As previously mentioned, the Income Approach discounts or capitalizes on FCF to conclude a company’s value. Let’s break this down even more to identify when this method is appropriate to use.
Starting with a discounted cash flow analysis (DCF), this method is suitable when an evaluator is provided with pro forma financial statements. FCF can be calculated and subsequently used in the DCF formula. Thus, for a DCF to be used in a valuation assignment, a litmus test for the projection’s feasibility must be done. For example, asking questions such as, “does the company’s historical performance back up the projected growth?” can help determine feasibility.
The other method under the Income Approach is the capitalization of earnings method. This method uses FCF in the present period, or a weighted average of prior periods, rather than projected FCF. Thus, this method assumes that the selected FCF is a good indicator of the company’s future performance.
To conclude: if a company is expected to grow, a DCF is a suitable method to reflect the projected growth in the company’s value. But, if the present FCF is a good indicator of the future, the capitalization of earnings method should be chosen.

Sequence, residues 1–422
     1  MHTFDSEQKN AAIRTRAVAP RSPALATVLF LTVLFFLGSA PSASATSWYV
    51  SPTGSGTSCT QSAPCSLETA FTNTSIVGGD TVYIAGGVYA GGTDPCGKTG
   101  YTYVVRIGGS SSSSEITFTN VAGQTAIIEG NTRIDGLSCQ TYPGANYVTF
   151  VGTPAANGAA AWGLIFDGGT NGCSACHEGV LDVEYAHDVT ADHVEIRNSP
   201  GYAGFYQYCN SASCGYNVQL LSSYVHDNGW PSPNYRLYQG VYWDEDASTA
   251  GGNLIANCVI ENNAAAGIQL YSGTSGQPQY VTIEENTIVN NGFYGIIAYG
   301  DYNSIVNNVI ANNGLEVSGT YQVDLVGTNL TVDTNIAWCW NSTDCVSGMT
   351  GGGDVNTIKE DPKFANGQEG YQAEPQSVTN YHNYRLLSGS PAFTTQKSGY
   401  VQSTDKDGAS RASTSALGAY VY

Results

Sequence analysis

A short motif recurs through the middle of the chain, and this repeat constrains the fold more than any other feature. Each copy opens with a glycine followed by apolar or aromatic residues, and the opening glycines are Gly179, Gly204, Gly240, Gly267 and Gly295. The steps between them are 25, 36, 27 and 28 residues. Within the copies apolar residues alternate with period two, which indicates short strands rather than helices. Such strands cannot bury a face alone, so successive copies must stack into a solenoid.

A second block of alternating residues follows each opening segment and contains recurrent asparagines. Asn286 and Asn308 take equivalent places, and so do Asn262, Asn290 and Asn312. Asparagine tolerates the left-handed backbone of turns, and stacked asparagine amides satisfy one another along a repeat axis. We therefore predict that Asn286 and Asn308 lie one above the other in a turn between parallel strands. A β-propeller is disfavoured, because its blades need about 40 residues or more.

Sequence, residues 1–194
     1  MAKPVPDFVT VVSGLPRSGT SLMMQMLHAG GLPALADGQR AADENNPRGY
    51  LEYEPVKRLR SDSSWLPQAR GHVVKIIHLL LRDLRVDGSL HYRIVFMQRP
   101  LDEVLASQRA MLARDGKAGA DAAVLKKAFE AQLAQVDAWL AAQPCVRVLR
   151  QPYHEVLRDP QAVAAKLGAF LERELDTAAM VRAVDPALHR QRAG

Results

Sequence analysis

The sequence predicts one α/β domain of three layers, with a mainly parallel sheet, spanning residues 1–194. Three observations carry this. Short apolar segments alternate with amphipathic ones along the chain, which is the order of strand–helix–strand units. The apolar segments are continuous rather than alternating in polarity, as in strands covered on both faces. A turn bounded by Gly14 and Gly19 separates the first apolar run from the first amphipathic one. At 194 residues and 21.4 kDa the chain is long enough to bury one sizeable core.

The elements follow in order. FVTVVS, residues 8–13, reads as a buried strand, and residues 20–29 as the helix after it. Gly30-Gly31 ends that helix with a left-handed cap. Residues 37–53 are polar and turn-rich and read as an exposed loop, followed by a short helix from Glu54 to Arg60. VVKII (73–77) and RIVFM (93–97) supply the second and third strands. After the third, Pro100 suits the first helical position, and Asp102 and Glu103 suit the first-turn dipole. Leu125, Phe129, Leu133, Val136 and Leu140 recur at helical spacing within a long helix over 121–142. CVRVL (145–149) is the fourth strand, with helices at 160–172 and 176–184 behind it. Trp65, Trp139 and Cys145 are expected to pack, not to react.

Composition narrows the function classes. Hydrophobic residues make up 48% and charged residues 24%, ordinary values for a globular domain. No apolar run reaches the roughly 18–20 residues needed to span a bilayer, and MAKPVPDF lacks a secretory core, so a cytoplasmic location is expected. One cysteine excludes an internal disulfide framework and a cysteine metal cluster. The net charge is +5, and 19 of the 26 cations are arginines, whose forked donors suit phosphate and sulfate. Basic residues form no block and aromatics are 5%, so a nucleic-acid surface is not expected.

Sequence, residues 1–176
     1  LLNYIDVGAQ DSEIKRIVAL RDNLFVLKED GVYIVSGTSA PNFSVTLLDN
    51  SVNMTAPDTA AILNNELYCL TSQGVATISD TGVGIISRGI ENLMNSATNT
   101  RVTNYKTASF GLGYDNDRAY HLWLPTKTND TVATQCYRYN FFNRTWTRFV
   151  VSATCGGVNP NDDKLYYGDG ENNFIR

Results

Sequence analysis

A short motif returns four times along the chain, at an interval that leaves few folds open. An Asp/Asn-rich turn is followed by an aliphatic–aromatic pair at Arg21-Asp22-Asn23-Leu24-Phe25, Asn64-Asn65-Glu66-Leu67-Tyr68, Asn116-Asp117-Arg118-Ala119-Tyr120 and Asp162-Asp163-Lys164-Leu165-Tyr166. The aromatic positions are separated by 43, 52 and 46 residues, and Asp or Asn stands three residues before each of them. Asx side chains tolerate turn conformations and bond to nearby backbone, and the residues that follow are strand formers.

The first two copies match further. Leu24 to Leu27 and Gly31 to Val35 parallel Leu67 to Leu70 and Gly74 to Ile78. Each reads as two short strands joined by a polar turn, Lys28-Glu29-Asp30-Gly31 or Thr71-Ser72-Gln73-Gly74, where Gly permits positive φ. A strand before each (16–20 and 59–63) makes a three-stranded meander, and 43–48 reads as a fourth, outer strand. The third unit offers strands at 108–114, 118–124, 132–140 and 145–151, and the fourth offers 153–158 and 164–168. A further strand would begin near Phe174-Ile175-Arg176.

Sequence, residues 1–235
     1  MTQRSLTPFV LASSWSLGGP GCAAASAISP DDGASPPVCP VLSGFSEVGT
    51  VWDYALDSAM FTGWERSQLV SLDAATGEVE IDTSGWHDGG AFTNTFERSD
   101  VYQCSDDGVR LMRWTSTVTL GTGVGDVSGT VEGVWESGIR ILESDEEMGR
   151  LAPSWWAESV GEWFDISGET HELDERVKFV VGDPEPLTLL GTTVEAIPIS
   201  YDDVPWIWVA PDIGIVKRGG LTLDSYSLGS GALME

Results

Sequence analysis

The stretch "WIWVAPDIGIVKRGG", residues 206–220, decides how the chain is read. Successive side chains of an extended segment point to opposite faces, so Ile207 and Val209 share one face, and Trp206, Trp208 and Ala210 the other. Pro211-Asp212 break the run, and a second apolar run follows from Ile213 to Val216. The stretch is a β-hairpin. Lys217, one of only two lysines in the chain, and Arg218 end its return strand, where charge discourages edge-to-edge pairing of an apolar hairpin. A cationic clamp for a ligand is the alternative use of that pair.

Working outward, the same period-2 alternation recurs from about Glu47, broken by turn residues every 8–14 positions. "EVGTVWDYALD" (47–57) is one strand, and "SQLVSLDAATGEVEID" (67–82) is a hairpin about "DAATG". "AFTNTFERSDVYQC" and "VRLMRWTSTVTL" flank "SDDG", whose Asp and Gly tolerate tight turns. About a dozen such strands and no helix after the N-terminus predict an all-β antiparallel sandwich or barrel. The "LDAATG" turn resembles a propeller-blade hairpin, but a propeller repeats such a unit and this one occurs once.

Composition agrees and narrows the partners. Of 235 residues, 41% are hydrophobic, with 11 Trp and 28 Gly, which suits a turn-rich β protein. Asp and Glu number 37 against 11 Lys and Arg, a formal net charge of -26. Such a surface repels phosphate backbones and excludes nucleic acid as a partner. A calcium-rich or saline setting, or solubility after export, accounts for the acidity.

The Pros and Cons of Each Method
An evaluator uses the information posed above to determine which method to apply in valuing a business. However, in addition to knowing when it’s appropriate to use a specific method, a valuator must understand the pros and cons of each method.
Pros and Cons of the Asset Approach
The Asset Approach is used when evaluators are faced with a company that has produced negative earnings or with companies with significant value in their fixed assets. Often, this approach is used to determine the lowest possible value that a company would be worth without considering the business’s ability to generate profits.
The Asset Approach, as mentioned above, can be used to determine the base level of value that a business could be worth upon liquidation. Often, this value is changed to adjust the assets and liabilities to their respective fair market value. Another pro of the Asset Approach is that it’s very straightforward. The conclusion to value is merely Assets minus Liabilities.
A pitfall of the Asset Approach is that it doesn’t consider a business’s ability to generate profit from its products or services offered. As such, this method should only be used when the Market and Income Approach yield a lower value than the book value or adjusted book value or a company with significant value attached to its tangible assets.